ST9191 Burg Gutenberg, Balzers, Liechtenstein

HSH: It has been an advantage to have inherited the cultural legacies that we have. But I hope this political model is practical elsewhere. I’ve travelled in parts of Africa and Asia. There is a degree of local governance: a village chief, with often complicated tribal structures, councils of elders, and so on. I think it is an advantage if you build a democracy and the rule of law not only top down, but also bottom up and to integrate local customs and structures as much as possible.

JDP: Tocqueville was concerned with the reception and transmission of liberty in society – that is, with how a people that has not been free learns how to live in freedom. Let’s apply this to decentralisation. Can the habits of life in a centralized state be ‘unlearned’ by formal education, by schooling? Or is praxis a better school of local liberty? Or – have I given you a false dichotomy?

HSH: I think you need both. Civic education needs to be part of school. I remember one very good teacher back when we were seven or eight years old emphasizing the importance of liberty. But it remains just a word if it is not practiced. Where there is no tradition, one has first to build up democracy at the local level in the villages, the cities, the regions and only then at the state level.

JDP: When you say ‘from the bottom up’, what do you mean exactly in terms of the practice of local liberty?

HSH: Starting from a non-democratic state, I would say the first step would be to encourage local participation by giving responsibility to village-level authorities and civic associations, and supporting their creation where they don’t already exist. The experience of local democracy is very important, so some sort of elections – be it for a village council, parliament, chief, or whatever it might be – should be held. This gives people a feeling for how the process works. Ideally this increases both personal and communal responsibility, especially when they see that decisions taken by themselves or by their delegates have consequences – and of these, the costly consequences are often particularly instructive!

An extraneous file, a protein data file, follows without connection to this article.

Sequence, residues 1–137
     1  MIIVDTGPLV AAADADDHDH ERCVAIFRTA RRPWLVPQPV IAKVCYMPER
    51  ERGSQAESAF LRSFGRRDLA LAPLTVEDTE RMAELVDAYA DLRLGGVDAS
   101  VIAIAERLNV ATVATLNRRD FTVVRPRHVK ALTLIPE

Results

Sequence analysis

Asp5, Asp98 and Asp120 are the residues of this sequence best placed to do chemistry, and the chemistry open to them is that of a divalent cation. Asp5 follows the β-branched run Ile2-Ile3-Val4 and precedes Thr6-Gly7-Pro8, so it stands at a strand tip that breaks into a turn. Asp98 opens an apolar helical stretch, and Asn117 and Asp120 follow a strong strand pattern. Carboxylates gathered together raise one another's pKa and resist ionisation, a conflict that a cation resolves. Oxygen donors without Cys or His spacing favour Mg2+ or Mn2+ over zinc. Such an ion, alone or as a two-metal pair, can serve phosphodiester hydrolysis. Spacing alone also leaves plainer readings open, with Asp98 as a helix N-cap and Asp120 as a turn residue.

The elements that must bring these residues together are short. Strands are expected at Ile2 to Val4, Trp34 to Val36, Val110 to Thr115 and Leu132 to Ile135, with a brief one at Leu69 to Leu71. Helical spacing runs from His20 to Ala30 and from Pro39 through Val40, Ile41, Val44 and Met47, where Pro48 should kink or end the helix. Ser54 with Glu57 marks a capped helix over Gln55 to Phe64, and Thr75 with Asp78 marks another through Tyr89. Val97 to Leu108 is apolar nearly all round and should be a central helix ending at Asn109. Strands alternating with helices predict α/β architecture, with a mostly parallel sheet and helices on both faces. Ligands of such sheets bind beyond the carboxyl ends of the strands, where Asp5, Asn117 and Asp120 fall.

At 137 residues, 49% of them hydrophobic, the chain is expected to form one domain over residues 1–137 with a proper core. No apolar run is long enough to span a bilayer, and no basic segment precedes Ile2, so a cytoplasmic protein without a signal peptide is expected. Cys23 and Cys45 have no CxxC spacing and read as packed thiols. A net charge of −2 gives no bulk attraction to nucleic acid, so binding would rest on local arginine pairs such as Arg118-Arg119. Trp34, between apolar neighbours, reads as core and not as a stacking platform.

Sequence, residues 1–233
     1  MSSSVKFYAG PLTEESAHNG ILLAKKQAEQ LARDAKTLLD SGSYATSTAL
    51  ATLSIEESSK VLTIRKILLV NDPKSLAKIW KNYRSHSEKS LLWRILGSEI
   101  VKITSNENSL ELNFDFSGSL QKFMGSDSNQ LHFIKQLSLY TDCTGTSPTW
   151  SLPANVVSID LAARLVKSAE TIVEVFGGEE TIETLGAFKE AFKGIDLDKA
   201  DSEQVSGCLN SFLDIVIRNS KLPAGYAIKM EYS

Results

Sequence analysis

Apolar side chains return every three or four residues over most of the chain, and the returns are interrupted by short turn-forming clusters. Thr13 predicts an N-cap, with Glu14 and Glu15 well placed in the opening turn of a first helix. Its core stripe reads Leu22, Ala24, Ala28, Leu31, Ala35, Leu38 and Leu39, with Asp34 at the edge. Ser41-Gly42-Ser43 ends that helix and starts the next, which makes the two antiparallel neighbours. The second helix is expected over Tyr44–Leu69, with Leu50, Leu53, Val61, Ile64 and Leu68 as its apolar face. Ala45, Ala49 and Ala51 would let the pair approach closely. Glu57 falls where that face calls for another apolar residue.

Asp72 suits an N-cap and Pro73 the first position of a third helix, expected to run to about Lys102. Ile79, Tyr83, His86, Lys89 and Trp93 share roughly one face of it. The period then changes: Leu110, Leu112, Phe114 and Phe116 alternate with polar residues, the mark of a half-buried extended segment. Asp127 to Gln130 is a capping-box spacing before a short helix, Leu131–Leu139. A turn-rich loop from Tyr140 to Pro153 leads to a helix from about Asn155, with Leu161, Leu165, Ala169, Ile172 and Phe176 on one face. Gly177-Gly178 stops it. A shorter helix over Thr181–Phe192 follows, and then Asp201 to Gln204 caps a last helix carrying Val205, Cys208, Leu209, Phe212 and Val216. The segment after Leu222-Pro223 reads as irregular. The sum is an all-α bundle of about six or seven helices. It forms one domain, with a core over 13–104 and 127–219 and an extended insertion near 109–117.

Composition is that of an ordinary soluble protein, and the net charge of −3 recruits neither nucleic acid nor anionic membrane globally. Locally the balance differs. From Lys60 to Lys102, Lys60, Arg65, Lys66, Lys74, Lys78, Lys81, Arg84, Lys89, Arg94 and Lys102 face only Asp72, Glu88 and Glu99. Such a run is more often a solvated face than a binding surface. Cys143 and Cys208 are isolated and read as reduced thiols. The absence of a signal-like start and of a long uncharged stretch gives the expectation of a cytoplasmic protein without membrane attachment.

JDP: In The State in the Third Millennium you propose a draft of a constitution, ready-made for adoption by a would-be self-determining state. To your knowledge has anyone tried it out yet?

HSH: No, nowhere so far.

JDP: What country would you hope would try it out? Which country is most ready for it?

HSH: (Laughs) I’ve no idea, but we have more or less realized this model in Liechtenstein.

JDP: Your Serene Highness, we thank you for giving us your time and your insights today.

*Thanks to Alvino-Mario Fantini for help in preparing the interview, and to Stuart Webber, President of the Oxford Union, for permission to conduct the interview on the Union’s premises.